'Central Park Karen' loses lawsuit against ex-employer

FILE - In this May 25, 2020 file photo, made from video provided by Christian Cooper, Amy Cooper talks with Christian Cooper in Central Park in New York.
FILE - In this May 25, 2020 file photo, made from video provided by Christian Cooper, Amy Cooper talks with Christian Cooper in Central Park in New York. Photo credit Christian Cooper via AP, FIle

NEW YORK (1010 WINS) — The white woman dubbed "Central Park Karen" after she called police and falsely accused a Black birdwatcher of threatening her in Central Park has lost a lawsuit claiming her former employer illegally fired her and portrayed her as racist.

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U.S. District Judge Ronnie Abrams on Wednesday rejected Amy Cooper's claim that she was defamed when Franklin Templeton Inc., an investment management company, defamed her when it repeatedly said it did not tolerate racism, NBC News reported.

Abrams ruled that Cooper had not proved that she was terminated based on her race or gender and without the same kind of investigation that had previously been carried out in response to claims of another employee's wrongdoing.

The May 25, 2020, confrontation between Cooper and the man, Christian Cooper, who is not related to her, began over her dog being unleashed in a section of the park where that was prohibited.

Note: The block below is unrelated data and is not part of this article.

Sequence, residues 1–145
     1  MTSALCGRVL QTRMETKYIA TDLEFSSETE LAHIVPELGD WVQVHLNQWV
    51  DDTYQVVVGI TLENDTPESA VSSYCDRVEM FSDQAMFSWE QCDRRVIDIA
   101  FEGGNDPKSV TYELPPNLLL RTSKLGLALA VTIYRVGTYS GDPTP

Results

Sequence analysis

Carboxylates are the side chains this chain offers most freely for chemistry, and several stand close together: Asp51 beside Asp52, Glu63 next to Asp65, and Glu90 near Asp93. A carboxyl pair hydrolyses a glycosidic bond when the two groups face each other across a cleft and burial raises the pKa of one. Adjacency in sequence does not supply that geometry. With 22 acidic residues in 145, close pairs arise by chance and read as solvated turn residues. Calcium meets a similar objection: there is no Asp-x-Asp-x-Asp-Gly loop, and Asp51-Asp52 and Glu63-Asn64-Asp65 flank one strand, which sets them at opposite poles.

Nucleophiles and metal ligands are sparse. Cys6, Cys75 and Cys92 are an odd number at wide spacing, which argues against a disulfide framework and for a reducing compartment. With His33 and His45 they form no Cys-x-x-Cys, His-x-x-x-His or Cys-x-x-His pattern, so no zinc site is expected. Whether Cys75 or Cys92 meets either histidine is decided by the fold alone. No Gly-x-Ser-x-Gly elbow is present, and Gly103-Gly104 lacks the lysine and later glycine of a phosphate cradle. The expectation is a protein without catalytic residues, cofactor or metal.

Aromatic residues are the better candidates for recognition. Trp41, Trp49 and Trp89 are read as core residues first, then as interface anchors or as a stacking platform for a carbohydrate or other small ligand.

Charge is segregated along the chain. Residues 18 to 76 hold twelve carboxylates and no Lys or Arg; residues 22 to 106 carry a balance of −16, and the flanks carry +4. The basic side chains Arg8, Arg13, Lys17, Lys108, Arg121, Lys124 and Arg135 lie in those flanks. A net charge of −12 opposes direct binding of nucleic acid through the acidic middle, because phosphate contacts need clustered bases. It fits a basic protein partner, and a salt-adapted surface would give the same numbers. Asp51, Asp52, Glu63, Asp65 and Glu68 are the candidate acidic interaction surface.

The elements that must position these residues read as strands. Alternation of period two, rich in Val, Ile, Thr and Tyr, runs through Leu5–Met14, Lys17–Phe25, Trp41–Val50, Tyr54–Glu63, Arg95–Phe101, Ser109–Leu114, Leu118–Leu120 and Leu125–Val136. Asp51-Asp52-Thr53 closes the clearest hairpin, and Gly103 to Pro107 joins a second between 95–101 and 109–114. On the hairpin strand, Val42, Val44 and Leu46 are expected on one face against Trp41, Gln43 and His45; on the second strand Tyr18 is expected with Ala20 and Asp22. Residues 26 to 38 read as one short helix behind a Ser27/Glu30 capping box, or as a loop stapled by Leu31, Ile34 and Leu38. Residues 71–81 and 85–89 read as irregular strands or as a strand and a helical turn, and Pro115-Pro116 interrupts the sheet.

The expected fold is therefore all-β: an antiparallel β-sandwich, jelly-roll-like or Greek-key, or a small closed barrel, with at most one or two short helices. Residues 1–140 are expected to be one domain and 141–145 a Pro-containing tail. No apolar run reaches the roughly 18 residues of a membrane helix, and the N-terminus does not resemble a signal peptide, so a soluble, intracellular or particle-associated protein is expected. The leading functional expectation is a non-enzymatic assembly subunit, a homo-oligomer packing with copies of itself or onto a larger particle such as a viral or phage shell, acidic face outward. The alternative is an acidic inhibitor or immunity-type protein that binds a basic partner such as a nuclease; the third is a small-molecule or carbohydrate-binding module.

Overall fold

Christian Cooper posted a video on social media at the time telling her to go to another section of the park. The encounter escalated, with Amy Cooper warning him that she would call police and tell them there was "an African American man" threatening her life.

She then did call, saying she was being threatened.

The next day, Franklin Templeton tweeted out that it had terminated Cooper’s employment.

Cooper claimed in her lawsuit that Templeton's statements suggested the company had access to undisclosed information supporting its stance, which was not clear from the widely shared video of the incident.

However, the judge argued that "nothing about [the] Defendants’ May 26 Statement suggested that the opinions contained therein rested on facts undisclosed to the audience."

"The contents of the viral video, as well as the dialogue surrounding it both in the media and on social media, were already matters of public knowledge," Abrams said, which made the company's statements "inactionable as pure opinion."

Amid the public outcry after the incident, Cooper had been charged with filing a false police report, which was dismissed in February 2021 after she completed a diversionary counseling program.

Cooper's lawyers did not immediately respond to the outlet's request for comment.

The Associated Press contributed to this report.